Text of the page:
Schuetter says he sees the role of mayor as being a public servant rather than as a politician. His main ideas have to do with economic development, government spending and engaging youth in their community.
Schuetter says Jasper has done fairly well with economic development in recent years. However, he is raising concerns about spending under the current administration of Republican mayor Terry Seitz. Schuetter says efficiency with local government spending is key to building Jasper’s future:
Now Schuetter does have high praise for some of the current economic development efforts, such as repurposing older factory buildings and tax abatements for bigger businesses. However, Schuetter says there is one element missing that he’d pursue if elected mayor:
Schuetter and other Democratic candidates in Jasper are also continuing to voice their concerns about the TIF district that the city approved last year. Schuetter says TIF is a good idea..when used responsibly:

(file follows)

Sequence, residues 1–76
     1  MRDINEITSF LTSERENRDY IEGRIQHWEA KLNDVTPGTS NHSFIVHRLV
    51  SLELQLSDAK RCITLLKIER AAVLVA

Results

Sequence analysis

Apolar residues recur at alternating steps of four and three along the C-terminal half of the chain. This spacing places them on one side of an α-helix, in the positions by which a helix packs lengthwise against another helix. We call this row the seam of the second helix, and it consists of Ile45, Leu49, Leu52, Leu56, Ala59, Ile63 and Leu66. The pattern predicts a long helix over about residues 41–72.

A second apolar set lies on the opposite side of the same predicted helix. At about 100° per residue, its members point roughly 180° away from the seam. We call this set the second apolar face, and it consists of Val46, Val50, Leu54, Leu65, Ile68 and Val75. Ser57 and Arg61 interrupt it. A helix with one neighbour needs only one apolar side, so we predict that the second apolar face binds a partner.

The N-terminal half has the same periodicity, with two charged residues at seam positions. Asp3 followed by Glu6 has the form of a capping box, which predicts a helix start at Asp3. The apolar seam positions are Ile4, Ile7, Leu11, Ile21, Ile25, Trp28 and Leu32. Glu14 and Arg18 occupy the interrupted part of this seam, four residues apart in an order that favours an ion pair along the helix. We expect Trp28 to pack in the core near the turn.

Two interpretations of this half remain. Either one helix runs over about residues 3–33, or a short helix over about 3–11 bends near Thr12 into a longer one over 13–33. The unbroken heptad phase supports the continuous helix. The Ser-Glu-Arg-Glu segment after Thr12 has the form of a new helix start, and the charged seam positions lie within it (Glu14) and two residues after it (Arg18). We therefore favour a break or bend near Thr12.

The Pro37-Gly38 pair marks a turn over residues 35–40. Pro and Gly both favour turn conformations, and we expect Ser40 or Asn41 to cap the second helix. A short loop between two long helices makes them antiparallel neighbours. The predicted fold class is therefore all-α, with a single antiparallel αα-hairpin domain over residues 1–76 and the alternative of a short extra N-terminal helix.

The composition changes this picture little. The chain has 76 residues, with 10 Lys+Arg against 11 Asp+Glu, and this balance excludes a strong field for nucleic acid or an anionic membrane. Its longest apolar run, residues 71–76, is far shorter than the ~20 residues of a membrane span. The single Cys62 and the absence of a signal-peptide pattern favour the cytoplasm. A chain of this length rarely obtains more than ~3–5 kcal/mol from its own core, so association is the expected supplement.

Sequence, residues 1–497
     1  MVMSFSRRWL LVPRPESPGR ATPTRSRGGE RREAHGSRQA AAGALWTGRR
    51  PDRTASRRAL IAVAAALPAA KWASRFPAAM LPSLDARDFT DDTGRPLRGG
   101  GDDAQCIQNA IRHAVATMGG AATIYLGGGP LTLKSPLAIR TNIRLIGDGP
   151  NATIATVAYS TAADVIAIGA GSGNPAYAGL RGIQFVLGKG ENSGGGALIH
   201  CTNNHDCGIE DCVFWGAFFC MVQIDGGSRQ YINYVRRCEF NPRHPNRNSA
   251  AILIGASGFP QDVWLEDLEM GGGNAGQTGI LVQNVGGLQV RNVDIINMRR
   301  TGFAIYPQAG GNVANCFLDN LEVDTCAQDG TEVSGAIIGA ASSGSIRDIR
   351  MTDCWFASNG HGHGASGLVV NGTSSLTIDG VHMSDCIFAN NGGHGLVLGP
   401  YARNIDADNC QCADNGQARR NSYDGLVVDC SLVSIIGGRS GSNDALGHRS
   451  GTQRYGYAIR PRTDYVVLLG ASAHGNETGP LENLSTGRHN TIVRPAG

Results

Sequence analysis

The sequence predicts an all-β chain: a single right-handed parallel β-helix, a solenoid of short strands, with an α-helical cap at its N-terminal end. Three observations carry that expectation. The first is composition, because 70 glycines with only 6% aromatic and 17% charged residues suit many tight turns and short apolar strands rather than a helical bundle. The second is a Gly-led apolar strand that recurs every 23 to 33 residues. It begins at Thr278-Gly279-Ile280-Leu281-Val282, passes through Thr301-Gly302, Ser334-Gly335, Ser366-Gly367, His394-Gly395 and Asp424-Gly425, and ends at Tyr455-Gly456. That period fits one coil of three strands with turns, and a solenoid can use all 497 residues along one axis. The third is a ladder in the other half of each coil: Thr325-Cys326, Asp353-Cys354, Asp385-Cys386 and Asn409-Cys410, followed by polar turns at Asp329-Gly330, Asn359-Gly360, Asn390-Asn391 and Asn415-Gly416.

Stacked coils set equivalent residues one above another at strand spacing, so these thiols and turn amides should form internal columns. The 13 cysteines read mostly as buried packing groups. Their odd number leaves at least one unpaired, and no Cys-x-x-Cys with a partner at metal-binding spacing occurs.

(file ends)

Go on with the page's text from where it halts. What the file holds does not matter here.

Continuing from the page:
As for repurposing older buildings and tax abatements, Schuetter says the current program does need some tweaks:
On a final note, Schuetter is continuing to tout the creation of a Mayor’s Youth Council to get younger generations more engaged in local government. Schuetter says the idea is not new to the city as it was previously used during the administration of former mayor Jack Newton.